07.25.12

‘Dark Knight Rises’: Christopher Nolan’s Masterpiece

With Christopher Nolan’s Batman series now complete, Richard Rushfield asserts they’re the best comic-book movies ever made—and are truly great, period.

By the time The Dark Knight Rises landed in theaters over the weekend, the movie itself seemed almost like an afterthought to its own debate. So long ago had the pro–Christopher Nolan voices and those who would oppose them settled down into their opposite trenches that there was almost nothing left to say; the film as a film came as a mere footnote. That seemed even more the case when it was overshadowed by the horrific violence in Aurora.

Having now sat through and with the film, I feel that for all its flaws, overreaches, and self-seriousness, it is clear that Christopher Nolan created a series that is miles above today’s smirking, juvenile world of comic-book movies. Not only for its intellectual striving, but as a sheer love-of-cinema, delight-to-watch, moviegoing treat of a superhero saga.

Never has a trio of blockbuster movies ignited such arguments. Depending on where you stand, the Nolan Batmans—Batman Begins (2005), The Dark Knight (2008), and now The Dark Knight Rises—are either visionary or overweening, lofty or frigid. These battle lines were formed in the aftermath of the self-consciously didactic middle film, with its152-minute running time and moral quandary set-pieces. The movie, upon its release, achieved the seemingly impossible, becoming a $1 billion mega-blockbuster while being wildly popular with critics–earning a stellar 91 percent favorable rating on Rotten Tomatoes.

It was in Dark Knight’s afterlife that the doubts emerged; the film was too long, too lecture-y. Its schoolboy philosophizing was too transparent and undramatic. It was cold, and hung on a single virtuoso performance by Heath Ledger, while its star and title character faded into the background as a non-entity.

The marketing for The Dark Knight Rises gave every impression that all those sins would only be exaggerated in what Nolan had promised would be a conclusion to his Batman vision. The campaign for Rises made the gloomy themes of the previous film seem positively chipper. The bleak, post-industrial glimpses set to a minimalist soundtrack telegraphed that the movie would be the cinematic incarnation of a Nine Inch Nails album. Nolan’s attempts to use a pulp genre to take on grander issues seemed to be straining themselves. There is, in the end, only so much intellectual freight the story of a guy in a rodent mask punching crooks can bear before the seriousness starts to seem very silly. From a distance, The Dark Knight Rises appeared to be careening toward that line.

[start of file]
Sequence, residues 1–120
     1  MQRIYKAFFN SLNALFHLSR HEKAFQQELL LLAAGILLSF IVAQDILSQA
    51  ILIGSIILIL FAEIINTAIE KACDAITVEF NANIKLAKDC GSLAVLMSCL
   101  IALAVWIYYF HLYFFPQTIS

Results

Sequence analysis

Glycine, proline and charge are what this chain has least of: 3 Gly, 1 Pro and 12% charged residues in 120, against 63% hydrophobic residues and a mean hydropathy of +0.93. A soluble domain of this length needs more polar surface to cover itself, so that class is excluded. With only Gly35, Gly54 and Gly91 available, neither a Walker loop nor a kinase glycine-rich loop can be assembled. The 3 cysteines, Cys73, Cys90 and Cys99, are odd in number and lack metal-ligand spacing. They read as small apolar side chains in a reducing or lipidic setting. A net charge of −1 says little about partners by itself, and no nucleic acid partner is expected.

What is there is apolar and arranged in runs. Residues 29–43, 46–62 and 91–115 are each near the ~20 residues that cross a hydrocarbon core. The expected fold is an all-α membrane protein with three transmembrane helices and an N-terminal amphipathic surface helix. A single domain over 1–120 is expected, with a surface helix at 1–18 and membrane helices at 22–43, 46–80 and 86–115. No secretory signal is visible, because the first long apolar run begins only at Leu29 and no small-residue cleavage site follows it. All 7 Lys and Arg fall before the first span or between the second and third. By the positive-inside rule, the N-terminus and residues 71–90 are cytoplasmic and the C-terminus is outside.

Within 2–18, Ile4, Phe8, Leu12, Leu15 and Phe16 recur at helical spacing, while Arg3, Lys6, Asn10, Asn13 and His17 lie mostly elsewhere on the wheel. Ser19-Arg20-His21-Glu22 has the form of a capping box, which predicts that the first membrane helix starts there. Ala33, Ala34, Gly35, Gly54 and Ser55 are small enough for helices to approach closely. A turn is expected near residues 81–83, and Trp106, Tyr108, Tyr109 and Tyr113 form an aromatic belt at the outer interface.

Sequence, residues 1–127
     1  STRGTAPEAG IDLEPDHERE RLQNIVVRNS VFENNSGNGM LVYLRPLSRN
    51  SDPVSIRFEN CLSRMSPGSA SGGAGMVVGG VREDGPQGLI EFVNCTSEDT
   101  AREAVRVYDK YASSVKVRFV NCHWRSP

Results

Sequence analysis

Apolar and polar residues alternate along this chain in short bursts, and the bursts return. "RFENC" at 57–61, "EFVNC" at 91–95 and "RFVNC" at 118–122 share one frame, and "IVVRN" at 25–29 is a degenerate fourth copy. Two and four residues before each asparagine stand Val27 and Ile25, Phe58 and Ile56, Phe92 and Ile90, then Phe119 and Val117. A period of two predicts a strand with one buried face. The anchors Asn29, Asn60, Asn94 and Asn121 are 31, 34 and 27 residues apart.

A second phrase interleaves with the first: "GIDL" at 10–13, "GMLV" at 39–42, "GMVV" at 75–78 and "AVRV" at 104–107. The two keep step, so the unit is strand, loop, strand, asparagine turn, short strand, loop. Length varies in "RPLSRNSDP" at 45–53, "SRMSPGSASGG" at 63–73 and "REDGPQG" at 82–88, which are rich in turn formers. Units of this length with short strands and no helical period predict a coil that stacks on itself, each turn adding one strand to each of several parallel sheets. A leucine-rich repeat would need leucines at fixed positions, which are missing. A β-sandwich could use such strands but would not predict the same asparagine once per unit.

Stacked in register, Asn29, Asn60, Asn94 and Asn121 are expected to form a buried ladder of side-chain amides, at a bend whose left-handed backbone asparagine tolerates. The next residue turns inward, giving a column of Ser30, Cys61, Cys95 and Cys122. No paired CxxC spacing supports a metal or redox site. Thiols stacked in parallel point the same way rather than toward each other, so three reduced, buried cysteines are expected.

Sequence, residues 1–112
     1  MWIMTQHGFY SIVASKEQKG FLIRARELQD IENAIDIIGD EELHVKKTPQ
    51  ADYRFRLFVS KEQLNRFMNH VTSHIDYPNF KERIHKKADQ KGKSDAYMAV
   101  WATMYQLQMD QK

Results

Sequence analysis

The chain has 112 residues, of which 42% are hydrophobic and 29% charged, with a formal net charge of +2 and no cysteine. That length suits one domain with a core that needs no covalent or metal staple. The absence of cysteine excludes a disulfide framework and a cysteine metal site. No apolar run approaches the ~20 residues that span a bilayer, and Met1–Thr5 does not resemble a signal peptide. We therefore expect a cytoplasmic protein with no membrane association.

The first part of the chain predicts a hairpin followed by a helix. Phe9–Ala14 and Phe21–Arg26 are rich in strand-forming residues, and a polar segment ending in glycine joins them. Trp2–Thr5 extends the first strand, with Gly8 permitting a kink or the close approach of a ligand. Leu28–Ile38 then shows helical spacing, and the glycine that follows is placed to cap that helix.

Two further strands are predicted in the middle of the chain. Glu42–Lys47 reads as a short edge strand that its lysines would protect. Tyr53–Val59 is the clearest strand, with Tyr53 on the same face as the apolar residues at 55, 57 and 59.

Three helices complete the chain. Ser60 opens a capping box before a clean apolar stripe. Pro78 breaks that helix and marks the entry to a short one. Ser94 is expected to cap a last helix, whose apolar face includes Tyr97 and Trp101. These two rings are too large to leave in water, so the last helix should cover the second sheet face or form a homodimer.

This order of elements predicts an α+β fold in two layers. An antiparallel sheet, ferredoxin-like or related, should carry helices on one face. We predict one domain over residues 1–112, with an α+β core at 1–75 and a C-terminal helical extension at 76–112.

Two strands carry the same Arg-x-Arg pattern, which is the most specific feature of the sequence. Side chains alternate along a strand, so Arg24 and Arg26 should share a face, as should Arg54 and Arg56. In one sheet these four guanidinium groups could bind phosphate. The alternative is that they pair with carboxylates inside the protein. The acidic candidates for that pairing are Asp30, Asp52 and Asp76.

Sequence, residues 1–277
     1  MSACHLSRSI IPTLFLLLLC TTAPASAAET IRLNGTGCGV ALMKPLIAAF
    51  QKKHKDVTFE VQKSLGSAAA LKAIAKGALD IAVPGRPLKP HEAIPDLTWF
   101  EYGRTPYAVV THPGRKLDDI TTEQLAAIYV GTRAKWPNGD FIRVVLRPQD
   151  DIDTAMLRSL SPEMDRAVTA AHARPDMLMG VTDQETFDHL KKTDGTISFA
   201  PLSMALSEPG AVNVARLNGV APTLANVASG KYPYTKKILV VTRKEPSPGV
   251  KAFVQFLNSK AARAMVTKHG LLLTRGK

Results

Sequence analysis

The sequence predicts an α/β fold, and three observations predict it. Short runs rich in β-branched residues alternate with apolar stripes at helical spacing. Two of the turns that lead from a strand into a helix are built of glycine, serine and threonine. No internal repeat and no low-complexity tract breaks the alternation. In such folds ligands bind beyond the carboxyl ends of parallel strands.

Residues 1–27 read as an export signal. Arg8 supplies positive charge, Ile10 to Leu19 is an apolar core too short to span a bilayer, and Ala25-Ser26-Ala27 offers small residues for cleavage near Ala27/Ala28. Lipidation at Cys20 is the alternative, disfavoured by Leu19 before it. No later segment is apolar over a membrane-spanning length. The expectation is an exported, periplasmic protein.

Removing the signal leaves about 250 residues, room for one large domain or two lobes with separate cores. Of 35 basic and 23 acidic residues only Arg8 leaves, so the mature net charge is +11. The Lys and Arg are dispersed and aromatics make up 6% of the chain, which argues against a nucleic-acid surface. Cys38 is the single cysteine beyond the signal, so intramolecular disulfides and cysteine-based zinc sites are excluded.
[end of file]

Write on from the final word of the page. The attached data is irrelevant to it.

Imagine the surprise, then, when in its first moments the movie shows itself to be actually light on its feet. Of course, compared to the standards of the modern superhero film–the CGI-dominated, wisecracking, Marvel films–Rises was a pit of gloom. There is indeed a somber tone hanging over the action. But this time, it is a mournfulness tinged with irony and flashes of wit. The entire first act, featuring a cat-and-mouse game between Christian Bale’s Bruce Wayne and Anne Hathaway’s Catwoman, is a veritable minuet. The biggest complaint against Christopher Nolan throughout his career is his trademark humorlessness; while that is not completely exorcised here, he shows he is capable of taking a step back from his own abyss and chuckling at himself just a little.

The truly dark passages of the film—the occupation of Gotham (New York), Bruce Wayne stuck in an underground prison–are not significantly bleaker than the superhero-on-the-ropes section of many a comic-book movie. The sacking of Gotham is depicted largely in the form of a burlesque kangaroo court straight out of Terry Gilliam. The horrors that might actually befall the city if the jails were flung open and criminals given carte blanche are barely hinted at.

Video screenshot

Watch James Holmes's dazed appearance in court.